DigHayZoose’s debut album (1991’s Struggle Fish) made it readily apparent that the Kansas City-based funk/rock group knew how to lay down a groove. However, it was — not incorrectly — described by reviewers at the time as being too much of a Red Hot Chili Peppers clone, something that’s particularly obvious on songs like “Psychedelic Mommy,” “Water’s Way (Part 2),” and “Zeptune.”
The band’s follow-up, 1993’s MagentaMantaLoveTree, built on their funk origins while adding metal, grunge, psychedelia, and even hip-hop to their repertoire. The resulting album is considerably more ambitious than its predecessor. Indeed, it might’ve been too ambitious. With twenty-two tracks, nearly half of which are short sketches, interludes, and gags, spread out over 65 minutes, along with the aforementioned genre mash-up, MagentaMantaLoveTree is a sprawling, uneven album that’s by turns fascinating and frustrating, impassioned and inconsistent.
One minute, you’re listening to the pitch-perfect funk/metal blend that is “Slatherage” (my favorite DigHayZoose song, and arguably their heaviest) or the title track, an eight-minute psychedelic proclamation of love for a future spouse. The next, you’re wading through samples of Mr. Rogers and cow tipping escapades, or songs like “Secret” and “B.D.O.C.” that hew closer to Struggle Fish, and as a result, feel more pedestrian compared to the rest of the album.
One thing that’s never in doubt, however, is the band’s musicianship. DigHayZoose tear it up on every single one of MagentaMantaLoveTree’s songs. Their playing is tight and precise, even on the album’s weaker moments. Of special note is Phil Schlotterer’s vocals. His wailing reaches Chris Cornell-like levels of throat-shredding on “Slatherage” while “MagentaMantaLoveTree” features a dreamier side and “Diggin’ Away” finds him striking a lounge singer pose.
These days, it often feels like Christian artists, and specifically those working outside the mainstream Christian music industry, tend to refer to their faith subtly or obliquely. There’s nothing wrong with that approach, and indeed, it may be a necessary response to both our current age’s skepticism and the Christian music industry’s proclivity for watered down “positive and encouraging” music. In any case, it’s both strange and refreshing to hear DigHayZoose sing so openly and fearlessly about their faith, albeit with some psychedelic imagery thrown in for good measure.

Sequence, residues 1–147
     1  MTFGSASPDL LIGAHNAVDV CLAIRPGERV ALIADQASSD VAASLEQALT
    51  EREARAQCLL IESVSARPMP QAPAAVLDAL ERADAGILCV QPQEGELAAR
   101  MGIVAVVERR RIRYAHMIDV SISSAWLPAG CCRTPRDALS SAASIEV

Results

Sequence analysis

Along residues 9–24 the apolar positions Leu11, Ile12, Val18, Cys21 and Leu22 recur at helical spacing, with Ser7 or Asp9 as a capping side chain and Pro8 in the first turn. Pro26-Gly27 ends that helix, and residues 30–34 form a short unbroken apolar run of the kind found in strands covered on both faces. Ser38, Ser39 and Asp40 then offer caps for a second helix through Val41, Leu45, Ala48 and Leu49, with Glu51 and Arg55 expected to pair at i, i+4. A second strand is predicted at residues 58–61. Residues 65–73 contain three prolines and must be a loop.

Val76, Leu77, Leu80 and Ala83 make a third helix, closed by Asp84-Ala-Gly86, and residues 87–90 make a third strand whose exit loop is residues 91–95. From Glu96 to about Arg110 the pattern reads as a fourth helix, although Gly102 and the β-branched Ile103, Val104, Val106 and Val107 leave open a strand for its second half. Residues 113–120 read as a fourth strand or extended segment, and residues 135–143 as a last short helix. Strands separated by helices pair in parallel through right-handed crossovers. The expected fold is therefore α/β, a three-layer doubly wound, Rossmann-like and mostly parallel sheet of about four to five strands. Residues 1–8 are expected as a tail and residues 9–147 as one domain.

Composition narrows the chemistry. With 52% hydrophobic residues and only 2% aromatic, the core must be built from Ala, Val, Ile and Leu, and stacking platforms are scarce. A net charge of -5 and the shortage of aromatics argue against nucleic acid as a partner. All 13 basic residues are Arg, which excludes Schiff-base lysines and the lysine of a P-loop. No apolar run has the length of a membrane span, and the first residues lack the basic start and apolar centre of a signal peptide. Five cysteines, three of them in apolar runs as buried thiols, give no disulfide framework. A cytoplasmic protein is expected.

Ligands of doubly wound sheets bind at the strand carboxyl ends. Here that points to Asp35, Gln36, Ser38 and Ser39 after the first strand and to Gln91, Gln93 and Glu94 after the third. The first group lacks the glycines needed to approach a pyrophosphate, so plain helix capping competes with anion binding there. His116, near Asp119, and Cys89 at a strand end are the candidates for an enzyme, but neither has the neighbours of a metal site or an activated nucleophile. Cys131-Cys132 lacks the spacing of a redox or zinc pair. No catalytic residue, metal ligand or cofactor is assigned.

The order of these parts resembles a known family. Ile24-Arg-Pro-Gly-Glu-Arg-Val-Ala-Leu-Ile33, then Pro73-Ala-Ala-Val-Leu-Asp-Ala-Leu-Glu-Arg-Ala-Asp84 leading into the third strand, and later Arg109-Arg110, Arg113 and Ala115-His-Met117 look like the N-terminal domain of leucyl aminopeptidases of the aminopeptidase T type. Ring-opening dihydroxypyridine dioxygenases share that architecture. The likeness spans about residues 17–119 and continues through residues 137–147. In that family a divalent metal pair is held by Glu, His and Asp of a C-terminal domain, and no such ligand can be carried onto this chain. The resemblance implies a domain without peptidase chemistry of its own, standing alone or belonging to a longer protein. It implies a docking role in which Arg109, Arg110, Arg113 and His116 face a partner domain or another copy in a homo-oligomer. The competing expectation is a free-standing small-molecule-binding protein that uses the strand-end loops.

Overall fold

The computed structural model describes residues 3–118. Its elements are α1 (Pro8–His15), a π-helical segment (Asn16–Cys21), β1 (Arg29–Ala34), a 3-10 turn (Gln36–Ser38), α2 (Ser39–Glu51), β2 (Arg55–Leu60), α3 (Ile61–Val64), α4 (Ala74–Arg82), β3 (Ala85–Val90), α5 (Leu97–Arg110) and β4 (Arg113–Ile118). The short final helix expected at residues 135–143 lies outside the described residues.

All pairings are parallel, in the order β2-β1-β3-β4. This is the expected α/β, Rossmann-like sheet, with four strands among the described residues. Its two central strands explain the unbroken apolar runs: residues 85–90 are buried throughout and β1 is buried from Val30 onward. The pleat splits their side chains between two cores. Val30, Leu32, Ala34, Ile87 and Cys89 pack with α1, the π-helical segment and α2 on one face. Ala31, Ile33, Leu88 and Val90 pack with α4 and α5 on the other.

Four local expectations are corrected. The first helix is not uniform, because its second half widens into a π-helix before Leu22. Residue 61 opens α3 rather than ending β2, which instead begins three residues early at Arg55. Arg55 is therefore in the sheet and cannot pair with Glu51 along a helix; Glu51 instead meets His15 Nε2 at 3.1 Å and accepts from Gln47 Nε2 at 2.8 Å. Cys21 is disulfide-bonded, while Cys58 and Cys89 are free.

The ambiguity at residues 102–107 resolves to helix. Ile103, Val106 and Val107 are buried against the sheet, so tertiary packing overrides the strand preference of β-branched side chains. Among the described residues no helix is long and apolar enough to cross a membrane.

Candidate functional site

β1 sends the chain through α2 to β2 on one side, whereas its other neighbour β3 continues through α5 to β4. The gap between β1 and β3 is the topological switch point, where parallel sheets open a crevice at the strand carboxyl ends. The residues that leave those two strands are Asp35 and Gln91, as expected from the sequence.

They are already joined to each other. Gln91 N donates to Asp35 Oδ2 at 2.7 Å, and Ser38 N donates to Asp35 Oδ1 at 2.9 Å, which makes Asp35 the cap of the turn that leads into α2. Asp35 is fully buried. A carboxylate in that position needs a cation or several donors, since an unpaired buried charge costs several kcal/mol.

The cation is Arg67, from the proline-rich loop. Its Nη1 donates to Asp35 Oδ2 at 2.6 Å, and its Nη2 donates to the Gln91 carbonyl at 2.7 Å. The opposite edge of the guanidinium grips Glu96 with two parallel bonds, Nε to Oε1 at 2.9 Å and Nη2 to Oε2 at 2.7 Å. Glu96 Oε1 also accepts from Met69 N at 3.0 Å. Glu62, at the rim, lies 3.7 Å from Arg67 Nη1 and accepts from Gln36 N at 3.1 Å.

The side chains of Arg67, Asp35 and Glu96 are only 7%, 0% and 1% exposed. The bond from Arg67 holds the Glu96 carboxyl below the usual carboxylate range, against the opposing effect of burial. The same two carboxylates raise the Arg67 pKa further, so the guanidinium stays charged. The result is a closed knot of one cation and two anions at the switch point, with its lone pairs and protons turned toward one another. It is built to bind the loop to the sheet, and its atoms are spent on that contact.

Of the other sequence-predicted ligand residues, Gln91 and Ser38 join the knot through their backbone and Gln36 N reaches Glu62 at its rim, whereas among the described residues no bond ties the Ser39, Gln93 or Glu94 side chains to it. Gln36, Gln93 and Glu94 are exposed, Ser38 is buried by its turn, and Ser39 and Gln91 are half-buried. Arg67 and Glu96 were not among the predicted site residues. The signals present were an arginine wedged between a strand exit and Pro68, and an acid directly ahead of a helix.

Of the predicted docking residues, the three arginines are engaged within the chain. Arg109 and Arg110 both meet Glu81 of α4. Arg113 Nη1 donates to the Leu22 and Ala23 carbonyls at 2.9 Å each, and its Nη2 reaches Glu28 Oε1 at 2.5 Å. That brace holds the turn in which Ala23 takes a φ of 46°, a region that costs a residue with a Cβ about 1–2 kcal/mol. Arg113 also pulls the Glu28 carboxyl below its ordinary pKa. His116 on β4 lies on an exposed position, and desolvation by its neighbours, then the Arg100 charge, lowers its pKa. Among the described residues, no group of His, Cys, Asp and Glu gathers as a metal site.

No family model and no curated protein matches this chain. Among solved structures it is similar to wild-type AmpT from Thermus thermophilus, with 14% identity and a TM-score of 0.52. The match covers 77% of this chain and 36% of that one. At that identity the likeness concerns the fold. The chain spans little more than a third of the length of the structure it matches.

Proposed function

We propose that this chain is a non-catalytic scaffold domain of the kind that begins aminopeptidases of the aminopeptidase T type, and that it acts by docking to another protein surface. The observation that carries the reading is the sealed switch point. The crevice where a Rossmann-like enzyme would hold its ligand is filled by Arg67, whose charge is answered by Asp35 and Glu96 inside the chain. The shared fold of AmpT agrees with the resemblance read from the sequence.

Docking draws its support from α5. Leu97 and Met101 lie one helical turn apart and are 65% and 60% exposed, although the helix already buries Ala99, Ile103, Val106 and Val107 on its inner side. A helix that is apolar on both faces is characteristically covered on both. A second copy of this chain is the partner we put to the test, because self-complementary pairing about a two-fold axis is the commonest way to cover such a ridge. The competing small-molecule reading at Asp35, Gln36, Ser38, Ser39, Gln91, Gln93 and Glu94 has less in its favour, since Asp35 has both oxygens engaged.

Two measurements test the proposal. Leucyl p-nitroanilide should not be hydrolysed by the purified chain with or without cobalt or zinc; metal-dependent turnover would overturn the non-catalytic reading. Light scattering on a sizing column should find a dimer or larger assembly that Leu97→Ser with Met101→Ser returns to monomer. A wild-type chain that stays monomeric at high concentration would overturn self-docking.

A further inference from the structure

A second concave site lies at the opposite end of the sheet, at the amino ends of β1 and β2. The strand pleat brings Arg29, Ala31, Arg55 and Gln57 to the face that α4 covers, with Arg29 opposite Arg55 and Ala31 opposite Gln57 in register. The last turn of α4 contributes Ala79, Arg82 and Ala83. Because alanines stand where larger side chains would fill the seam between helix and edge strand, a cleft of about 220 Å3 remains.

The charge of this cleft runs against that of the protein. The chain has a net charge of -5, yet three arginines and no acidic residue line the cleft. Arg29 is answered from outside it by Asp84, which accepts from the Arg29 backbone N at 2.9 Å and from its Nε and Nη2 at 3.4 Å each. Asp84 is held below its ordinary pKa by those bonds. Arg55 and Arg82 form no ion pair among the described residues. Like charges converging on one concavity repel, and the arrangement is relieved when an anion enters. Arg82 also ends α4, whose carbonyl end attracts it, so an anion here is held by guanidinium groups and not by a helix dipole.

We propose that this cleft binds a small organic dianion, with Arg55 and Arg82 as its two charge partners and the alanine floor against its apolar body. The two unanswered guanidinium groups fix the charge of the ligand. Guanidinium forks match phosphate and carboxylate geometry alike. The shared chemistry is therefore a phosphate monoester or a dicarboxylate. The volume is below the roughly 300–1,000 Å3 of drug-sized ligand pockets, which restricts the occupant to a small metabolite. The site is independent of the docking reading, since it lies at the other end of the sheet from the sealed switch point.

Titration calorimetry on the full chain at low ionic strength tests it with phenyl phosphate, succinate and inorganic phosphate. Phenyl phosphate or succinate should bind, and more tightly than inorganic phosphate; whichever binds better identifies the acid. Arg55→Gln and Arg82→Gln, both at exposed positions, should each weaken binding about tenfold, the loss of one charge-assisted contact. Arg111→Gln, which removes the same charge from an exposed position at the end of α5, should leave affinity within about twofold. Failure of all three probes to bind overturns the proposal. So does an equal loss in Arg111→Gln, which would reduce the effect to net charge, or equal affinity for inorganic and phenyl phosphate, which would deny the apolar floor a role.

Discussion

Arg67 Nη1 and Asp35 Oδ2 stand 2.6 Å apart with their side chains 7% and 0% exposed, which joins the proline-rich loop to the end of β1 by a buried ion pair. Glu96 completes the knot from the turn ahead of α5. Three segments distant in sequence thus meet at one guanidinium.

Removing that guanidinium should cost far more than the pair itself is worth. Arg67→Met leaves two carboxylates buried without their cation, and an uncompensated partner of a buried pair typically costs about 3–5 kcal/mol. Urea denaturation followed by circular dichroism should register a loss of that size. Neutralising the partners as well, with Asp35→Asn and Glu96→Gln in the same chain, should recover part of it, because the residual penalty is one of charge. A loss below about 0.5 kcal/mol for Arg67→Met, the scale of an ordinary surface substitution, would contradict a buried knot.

“Dancing in Concert With the Infinite” opens the album on a worshipful note with Schlotterer singing “Up on a mountain scaled by the praises we sing/Worshiping you God, grace that transcends everything… I want to thank you for your Son you willingly gave/He is alive now bringing me out of my grave.” Later, on “Lift,” the band considers their own mortality and the questions that it raises, while “Doubt” wrestles with… well… doubts (“Well I’ve been waiting for You such a long time/Sometimes I think you ain’t ever comin’ back”).
The album’s lyrics tackle other topics, such as the title track’s aforementioned longing for a wife expressed via imagery from a trippier Song of Solomon (“Blue-green grasses cradle us/Underneath Orion’s Belt as we two melt into sun”), “H8 Machine“ ‘s excoriation of racism, and the groovy environmental concerns in “Black-Eyed Pea.”
Side note: The artwork on the actual MagentaMantaLoveTree CD featured a fetus, and I seem to recall that caused some controversy with certain Christian bookstores and retailers (which were pretty much the only avenues for getting this album back in 1993). It tells you something about the weirdness that was the ’90s Christian retail market when a band so openly and poetically Christian could generate controversy over such a trivial detail.
All “controversies” aside, MagentaMantaLoveTree remains a strange, intriguing, and eclectic nugget of heavy Christian music from the ’90s, the product of a Christian indie/underground scene that sadly doesn’t exist anymore (or even could exist anymore). They might’ve been too ambitious for their own good, but when DigHayZoose was on — as is so obviously the case with “Slatherage,” the title track, and “H8 Machine” — their heavy brand of funk was absolutely righteous.